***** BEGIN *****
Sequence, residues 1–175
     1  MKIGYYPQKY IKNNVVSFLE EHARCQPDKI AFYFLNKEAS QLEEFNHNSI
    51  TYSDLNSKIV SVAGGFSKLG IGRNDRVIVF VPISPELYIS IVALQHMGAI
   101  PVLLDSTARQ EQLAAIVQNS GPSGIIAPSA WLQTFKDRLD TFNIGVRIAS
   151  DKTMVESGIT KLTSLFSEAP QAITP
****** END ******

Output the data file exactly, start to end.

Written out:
Sequence, residues 1–175
     1  MKIGYYPQKY IKNNVVSFLE EHARCQPDKI AFYFLNKEAS QLEEFNHNSI
    51  TYSDLNSKIV SVAGGFSKLG IGRNDRVIVF VPISPELYIS IVALQHMGAI
   101  PVLLDSTARQ EQLAAIVQNS GPSGIIAPSA WLQTFKDRLD TFNIGVRIAS
   151  DKTMVESGIT KLTSLFSEAP QAITP